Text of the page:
The opening hours of shops in Italy may take some time to adjust to. Generally they:
Open at 8:30 or 9:00 in the morning
Close at 12:30 or 1:00 for lunch
re-open at 4.30 or 5 in the afternoon
Close at 7:30 or 8:00 in the evening.
These are the standard opening hours from Monday to Saturday inclusive, all shops being closed on Sunday, except for fresh pasta shops which open on Sunday morning.
In tourist resorts, shops stay open at all hours and on all days of the week, even on national holidays, particularly if they occur during a peak tourist season.
Cinecitta Due Centro Commerciale
Viale Palmiro Togliatti, 2
+39 (06) 722 0910
The very first large shopping centre in the city, it has an excellent mix of interesting shops and services. Romans claim that the shopping centre contains everything one could possibly desire. Always full, but never too crowded, Cinecitta Due has the comfort of air conditioning.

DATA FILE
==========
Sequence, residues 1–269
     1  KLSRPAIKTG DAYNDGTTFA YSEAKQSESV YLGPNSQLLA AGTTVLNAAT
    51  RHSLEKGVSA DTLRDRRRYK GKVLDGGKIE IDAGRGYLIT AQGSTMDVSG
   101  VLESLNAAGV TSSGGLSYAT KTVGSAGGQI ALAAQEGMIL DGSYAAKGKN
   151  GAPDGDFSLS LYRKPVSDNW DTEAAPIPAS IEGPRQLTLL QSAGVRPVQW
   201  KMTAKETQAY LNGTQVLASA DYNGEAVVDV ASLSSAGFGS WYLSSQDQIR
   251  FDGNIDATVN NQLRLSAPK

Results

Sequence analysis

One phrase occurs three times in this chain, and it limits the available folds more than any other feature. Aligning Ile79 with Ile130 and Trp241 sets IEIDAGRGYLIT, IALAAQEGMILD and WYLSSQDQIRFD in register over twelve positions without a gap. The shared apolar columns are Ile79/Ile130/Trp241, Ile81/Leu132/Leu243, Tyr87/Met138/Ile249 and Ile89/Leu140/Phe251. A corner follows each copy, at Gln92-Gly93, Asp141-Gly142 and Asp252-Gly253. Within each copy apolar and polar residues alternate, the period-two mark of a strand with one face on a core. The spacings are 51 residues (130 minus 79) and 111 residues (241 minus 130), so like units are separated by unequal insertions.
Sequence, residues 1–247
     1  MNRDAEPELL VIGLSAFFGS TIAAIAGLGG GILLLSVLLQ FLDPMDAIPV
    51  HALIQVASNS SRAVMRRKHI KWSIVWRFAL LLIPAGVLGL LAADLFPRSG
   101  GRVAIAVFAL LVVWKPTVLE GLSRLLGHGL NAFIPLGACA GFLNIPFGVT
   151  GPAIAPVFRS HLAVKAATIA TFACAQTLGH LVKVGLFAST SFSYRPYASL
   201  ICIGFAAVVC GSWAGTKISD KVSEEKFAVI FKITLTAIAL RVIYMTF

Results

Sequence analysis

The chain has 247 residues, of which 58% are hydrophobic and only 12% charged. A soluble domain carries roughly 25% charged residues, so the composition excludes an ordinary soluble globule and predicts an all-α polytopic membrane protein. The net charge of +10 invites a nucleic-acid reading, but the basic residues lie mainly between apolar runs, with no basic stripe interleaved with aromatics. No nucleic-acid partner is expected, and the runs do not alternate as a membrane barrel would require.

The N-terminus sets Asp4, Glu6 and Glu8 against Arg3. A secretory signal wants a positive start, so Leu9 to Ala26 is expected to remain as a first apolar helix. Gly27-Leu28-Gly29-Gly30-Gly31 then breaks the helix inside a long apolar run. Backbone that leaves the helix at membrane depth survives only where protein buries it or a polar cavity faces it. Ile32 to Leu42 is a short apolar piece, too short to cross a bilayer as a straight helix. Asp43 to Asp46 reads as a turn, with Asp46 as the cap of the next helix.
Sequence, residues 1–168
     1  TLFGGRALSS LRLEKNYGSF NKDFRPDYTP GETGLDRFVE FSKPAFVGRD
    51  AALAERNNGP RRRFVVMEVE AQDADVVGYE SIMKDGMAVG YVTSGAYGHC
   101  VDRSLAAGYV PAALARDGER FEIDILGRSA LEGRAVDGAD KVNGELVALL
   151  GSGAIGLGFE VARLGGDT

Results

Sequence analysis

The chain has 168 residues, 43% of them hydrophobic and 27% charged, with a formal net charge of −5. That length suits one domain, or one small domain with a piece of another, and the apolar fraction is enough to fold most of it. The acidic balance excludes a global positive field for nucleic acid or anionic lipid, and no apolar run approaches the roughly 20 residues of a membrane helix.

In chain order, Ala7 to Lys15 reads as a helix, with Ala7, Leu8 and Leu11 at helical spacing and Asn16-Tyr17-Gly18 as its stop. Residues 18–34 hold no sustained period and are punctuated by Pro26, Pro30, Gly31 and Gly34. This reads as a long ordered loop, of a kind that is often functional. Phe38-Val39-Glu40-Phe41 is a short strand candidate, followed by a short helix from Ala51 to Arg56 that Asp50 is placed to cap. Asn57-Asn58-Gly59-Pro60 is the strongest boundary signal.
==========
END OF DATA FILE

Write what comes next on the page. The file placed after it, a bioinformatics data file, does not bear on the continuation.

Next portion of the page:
Via T. Nuvolari
+39 (06) 519 5505
Opened in 1992, I Granai has become a hot spot for the Romans. The mall has 118 stores, and several popular restaurants and bars.
The most popular shopping “streets” with rows of high quality and sometimes expensive goods. Rome is full of remnants of the past – from the ruins to the art to the ancient cathedrals and town squares – and the shopping is no different, with a vast accumulation of antiques awaiting your perusal. The interminable street of Via del Corso is a focal point of any Italy shopping tour, and contains a number of chic boutiques (and plenty of less-chic ones for the budget conscious) that cater mostly to the vibrant Roman youth. Rome also has the widest selection of neighborhood markets, where you can casually peruse everything from fresh fruit to hand-crafted goods.
Via dei Coronari (art & antiques)
Via del Pellegrino (books & art)
Via dei Cappellari (furniture and crafts)
Via Cola di Rienzo (clothes, books, gifts)
Via Margutta (antiques & restaurants)
Via del Babuino (furniture, antiques, clothing)
Via Borgognona (clothes, shoes, leather)